The buzzwords now right: “Tight liquidity.”
There is tightness in liquidity both for us ordinary consumers due to lack of water supply and in the market place with corporates lining up to raising funds to bank roll infrastructure projects and/or pay up maturing obligations.
The slack in the delivery of a need as basic as water cuts across all sectors of society. It’s a great equalizer. The shout-outs of those living in posh villages, condominiums, and lower income communities is the same: “Tubig!”
No power, no water. I saw a long queue of people when I went around the affected areas in the metropolis at the outset of the supply distribution problem.
Difficult is an understatement. Your daily life is at a standstill. Small businesses like distilled drinking water, car wash, laundrymats, “karinderas” temporarily closed.
Friends and colleagues whose houses are being serviced by Manila Water tell me the water delivery interruption schedule has been put in place while they’re sleeping. It’s not back to normal yet, but It’s a relief.
There is also tightness in liquidity in the market place. A number of chief finance officers and treasury officials whose companies are planning to raise funds through syndicated loans or corporate bond issues to bankroll their projects and/or refinance maturing obligations have to line up as well.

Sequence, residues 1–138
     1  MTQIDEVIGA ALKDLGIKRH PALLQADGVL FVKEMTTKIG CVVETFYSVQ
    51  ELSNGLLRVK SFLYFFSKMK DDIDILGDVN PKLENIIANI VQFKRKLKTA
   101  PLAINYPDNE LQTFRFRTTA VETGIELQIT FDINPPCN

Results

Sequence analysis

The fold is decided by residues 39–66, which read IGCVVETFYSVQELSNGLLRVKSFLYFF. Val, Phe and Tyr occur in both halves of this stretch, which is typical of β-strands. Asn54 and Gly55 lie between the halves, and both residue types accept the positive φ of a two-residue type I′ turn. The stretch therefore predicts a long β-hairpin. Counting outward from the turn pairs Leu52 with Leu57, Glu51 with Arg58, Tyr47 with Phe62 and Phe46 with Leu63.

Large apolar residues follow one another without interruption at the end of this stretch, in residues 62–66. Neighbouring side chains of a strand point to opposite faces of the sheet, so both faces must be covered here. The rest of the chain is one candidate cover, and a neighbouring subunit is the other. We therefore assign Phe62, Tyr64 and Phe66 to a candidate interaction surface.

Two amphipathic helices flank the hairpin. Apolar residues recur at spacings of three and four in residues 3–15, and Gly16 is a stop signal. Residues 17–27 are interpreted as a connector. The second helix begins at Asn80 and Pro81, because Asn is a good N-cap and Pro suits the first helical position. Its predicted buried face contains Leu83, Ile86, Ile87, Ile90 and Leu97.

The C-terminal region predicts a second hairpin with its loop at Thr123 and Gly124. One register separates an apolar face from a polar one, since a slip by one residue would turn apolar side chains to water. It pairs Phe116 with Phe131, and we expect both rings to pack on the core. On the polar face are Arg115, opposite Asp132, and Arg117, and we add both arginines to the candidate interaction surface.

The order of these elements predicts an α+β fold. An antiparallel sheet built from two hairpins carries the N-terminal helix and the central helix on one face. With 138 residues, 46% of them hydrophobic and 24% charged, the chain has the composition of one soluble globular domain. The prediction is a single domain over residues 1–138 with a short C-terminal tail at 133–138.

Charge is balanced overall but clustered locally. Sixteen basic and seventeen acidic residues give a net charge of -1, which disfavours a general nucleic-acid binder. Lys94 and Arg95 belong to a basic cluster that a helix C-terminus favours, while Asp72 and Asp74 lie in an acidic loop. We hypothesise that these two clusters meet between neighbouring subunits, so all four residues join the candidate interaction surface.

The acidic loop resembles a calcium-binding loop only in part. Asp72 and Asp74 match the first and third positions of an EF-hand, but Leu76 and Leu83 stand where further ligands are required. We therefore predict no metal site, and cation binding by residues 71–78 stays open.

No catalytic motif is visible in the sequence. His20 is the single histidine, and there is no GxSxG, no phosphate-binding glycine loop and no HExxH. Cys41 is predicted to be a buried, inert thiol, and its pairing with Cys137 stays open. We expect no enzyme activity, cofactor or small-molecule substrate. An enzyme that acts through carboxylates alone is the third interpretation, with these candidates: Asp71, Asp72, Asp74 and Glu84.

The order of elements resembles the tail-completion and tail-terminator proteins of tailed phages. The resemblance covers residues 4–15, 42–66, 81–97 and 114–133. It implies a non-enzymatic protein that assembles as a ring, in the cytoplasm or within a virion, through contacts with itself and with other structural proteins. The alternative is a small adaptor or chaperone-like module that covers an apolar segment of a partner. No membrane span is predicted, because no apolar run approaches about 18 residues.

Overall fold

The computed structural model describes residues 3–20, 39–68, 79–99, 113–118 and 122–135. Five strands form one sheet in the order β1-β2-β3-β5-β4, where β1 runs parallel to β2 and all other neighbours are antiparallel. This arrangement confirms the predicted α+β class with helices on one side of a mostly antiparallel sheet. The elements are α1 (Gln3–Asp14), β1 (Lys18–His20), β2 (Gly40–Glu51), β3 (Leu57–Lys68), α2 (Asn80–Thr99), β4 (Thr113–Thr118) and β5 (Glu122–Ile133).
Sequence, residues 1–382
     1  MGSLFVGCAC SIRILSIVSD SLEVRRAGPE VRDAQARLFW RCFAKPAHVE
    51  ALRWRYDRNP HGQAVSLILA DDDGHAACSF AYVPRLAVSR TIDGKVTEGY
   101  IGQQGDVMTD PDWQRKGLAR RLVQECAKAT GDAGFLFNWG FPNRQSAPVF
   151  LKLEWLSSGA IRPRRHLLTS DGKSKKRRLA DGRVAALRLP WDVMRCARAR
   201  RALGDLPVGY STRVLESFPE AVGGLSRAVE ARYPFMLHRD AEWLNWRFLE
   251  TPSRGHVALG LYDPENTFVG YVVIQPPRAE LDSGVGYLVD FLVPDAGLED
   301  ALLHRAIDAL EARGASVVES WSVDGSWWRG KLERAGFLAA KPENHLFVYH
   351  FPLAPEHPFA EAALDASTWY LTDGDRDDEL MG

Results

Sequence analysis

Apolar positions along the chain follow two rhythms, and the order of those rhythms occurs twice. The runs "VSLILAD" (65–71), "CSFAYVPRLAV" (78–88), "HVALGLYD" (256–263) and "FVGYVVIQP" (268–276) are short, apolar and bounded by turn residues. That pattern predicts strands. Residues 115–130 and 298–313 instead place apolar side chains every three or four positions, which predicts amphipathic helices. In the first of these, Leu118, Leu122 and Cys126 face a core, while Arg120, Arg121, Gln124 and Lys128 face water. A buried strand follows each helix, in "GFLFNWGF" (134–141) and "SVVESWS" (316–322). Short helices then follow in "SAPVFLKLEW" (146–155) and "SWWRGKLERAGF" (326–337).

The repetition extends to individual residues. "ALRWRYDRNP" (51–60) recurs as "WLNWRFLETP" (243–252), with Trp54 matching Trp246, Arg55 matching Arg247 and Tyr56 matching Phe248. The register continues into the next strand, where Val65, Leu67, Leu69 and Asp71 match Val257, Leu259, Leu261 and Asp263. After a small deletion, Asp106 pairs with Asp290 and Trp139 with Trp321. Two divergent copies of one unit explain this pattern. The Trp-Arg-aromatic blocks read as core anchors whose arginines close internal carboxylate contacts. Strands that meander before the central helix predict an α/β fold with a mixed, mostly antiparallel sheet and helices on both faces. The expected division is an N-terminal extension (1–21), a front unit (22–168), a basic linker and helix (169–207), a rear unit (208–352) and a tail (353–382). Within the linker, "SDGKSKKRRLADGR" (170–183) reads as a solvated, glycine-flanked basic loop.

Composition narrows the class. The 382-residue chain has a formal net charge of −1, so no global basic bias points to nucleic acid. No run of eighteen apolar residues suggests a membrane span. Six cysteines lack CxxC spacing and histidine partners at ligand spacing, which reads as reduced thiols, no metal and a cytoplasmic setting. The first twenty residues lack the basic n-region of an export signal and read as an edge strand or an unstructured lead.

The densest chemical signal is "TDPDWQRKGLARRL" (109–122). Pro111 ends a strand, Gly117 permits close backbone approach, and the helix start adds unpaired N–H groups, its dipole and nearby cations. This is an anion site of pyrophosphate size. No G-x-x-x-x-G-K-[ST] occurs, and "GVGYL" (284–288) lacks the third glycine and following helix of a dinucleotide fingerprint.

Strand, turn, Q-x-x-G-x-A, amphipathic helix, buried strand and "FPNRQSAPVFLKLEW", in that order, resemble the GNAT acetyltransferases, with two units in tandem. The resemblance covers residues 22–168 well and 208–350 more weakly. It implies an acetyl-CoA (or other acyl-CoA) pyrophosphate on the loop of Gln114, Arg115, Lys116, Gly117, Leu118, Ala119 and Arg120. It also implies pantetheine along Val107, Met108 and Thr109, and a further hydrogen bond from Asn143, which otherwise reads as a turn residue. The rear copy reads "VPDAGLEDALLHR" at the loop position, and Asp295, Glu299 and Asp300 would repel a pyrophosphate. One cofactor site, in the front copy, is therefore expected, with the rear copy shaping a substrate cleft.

The liquidity in the market has shrunk after the government borrowed some P236 billion worth of retail treasury bonds the week just past. Bank withdrawals to fund the campaign of those seeking a legislative seat are likewise taking their toll.
An insider from one of the six underwriters – Security Bank Capital, BDO, RCBC, BPI, China Bank Capital, and Philippine National Bank – engaged by a food and beverage conglomerate to handle its bond float with tenors 3-5-7 years is looking forward to the possibility that the Bangko Sentral ng Pilipinas (BSP) will reduce the reserve requirement on bank deposits and deposit liabilities to release money into the system.
BSP Governor Benjamin Diokno has said the prospects of cutting the level of deposits banks are mandated to keep in the BSP vault by one percentage point looms in the horizon over the coming quarters largely because of the downward movement in inflation.
Among its regional peers, the Philippines has one of the highest reserve requirements ratio at 18 percent. And for every one percentage reduction as much as P100 billion is freed into the financial system. In March, 2018, the Monetary Board cut the reserve requirement to 19 percent and another one percentage point to its current level of 18 percent in June.
The view is there’s a lag of between 10 and 14 months for the system to process fully the two percentage points cut in reserves. Well, how time flies. That’s exactly a year ago.
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